In the 1980s scholars like Paul Kennedy argued that Mackinder’s arguments spelled the end of sea power as a means of exercising geopolitical leverage, a historical process which contributed to the decline of Britain over the course of the 20th century.  But in 2012 the argument looks premature: the majority of the world’s goods are still carried by sea, the United States projects its global reach not least thanks to sea power, and both China and India see the acquisition of navies as vital components of their emerging economic status.

Mackinder’s lecture looks no better as a short-term prediction of his own times.  He confirmed the fears of Russia entertained by the other great powers of Europe before the First World War.  His lecture suggested that the sensible strategy for Germany was rapprochement with Russia, a policy favoured by Falkenhayn, the chief of the Prussian General Staff in 1914-16.  But Germany’s pre-war policy of Weltpolitik took it in a very different direction, recognising that maritime and overseas strength was the future for a rapidly industrialising economy, and that the greater markets lay to the west and south, rather than to the east.  Fritz Fischer was wrong: a German war aims programme built round Mitteleuropa was a second-rank option forced on Germany by the circumstances of the war’s outbreak not as the result of a long-term design.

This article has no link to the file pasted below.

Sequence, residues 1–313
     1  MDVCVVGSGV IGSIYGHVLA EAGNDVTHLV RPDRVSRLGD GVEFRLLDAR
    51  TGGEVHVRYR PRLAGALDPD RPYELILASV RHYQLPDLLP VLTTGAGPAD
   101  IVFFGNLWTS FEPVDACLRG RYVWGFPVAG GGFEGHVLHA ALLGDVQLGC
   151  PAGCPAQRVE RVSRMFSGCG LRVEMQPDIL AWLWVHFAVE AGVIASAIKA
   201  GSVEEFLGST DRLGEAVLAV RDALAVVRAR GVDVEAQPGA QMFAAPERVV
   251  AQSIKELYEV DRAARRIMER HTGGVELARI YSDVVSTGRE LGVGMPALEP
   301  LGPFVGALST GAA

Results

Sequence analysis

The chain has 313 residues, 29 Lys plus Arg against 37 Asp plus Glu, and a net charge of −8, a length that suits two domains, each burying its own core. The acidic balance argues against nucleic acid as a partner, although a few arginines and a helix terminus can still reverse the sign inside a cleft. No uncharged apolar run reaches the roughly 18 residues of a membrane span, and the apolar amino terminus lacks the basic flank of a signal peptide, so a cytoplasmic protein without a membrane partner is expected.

Britain’s only effective strategy for waging continental war rested on the sea, but this did not prove to be the impediment that Mackinder suggested that it might.  Maritime power proved vital to victory, enabling Britain to be the arsenal and financier of its allies, and also enabling the United States to be a key player in the war’s outcome both before its formal entry and afterwards.